In addition, Teradyne sponsors an unfunded U.S. Supplemental Savings Plan to provide savings benefits in excess of those allowed by the Employee Retirement Income Security Act of 1974 and the Internal Revenue Code. The provisions of this plan are the same as the Savings Plan. The liability for the U.S. Supplemental Savings Plan at December 31, 2022 and 2021, was $44.1 million and $47.2 2023 and 2022, was $55.9 million and $44.1 million, respectively, and is included in retirement plan liabilities. Teradyne contributes to defined contributions savings plans for its foreign employees. Under Teradyne's savings plans, amounts charged to the statements of operations for the years ended December 31, 2023, 2022, and 2021 were $30.5 million, $30.1 million, and $26.9 million, respectively. 2022, 2021, and 2020 were $30.1 million, $26.9 million, and $21.7 million, respectively.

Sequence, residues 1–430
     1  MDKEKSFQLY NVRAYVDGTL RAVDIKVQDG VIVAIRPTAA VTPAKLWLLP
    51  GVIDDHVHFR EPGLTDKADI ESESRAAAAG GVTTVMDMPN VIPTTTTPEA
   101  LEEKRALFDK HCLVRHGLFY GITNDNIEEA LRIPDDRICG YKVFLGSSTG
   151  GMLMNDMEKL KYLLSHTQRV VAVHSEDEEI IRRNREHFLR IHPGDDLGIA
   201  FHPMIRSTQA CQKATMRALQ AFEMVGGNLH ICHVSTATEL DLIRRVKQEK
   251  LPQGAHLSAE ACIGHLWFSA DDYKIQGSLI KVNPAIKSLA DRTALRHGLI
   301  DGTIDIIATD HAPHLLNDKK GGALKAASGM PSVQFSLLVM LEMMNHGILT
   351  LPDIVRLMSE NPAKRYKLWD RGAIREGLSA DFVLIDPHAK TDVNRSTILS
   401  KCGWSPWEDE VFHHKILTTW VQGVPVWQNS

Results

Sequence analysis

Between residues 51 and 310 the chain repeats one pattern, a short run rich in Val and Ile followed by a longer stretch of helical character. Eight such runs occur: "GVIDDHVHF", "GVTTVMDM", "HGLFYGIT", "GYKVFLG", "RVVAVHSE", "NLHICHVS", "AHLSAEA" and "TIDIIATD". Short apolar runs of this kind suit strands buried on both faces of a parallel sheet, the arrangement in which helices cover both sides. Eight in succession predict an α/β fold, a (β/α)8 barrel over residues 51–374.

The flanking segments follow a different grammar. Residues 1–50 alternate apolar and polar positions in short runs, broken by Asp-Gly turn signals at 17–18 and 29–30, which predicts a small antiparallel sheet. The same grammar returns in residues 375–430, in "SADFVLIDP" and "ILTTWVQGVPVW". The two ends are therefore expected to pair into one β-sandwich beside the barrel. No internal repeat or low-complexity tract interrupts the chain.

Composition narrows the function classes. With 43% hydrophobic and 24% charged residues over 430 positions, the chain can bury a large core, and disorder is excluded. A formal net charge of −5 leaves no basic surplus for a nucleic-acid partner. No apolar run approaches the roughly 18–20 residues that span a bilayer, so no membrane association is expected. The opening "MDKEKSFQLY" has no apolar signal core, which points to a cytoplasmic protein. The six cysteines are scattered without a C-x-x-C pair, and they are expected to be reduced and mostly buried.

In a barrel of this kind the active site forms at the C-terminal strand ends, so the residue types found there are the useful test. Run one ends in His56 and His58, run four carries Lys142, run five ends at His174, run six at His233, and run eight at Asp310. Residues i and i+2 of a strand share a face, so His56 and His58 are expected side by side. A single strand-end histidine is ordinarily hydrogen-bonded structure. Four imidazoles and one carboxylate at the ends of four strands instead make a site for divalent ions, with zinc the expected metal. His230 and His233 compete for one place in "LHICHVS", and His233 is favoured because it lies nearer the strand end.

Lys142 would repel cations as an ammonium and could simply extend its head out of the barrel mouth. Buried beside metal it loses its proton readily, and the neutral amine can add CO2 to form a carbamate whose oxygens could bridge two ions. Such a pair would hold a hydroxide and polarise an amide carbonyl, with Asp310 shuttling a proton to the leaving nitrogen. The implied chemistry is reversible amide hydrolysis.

| S.|
INCOME TAXES|

The components of income before income taxes and the provision (benefit) for income taxes as shown in the consolidated statements of operations were as follows:



| | | | | | | | | | | | | |
| | | 2022 | | | 2021 | | | 2020 | |
| | | 2023 | | | 2022 | | | 2021 | |
| | | (in thousands) | |
| Income before income taxes: | | | | | | | | | |
| U.S. | | $ | 385,968 | | | $ | 403,451 | | | $ | 312,153 | |
| U.S. | | $ | 307,997 | | | $ | 385,968 | | | $ | 403,451 | |
| Non-U.S. | | | 454,417 | | | | 757,504 | | | | 588,862 | |
| Non-U.S. | | | 217,575 | | | | 454,417 | | | | 757,504 | |
| | | | | | | | | | | | | |
| | | $ | 525,572 | | | $ | 840,385 | | | $ | 1,160,955 | | | $ | 901,015 | |
| | | | | | | | | | | | | |
| Provision (benefit) for income taxes: | | | | | | | | | |
| Current: | | | | | | | | | | | | |
| U.S. Federal | | $ | 86,692 | | | $ | 58,218 | | | $ | 58,678 | |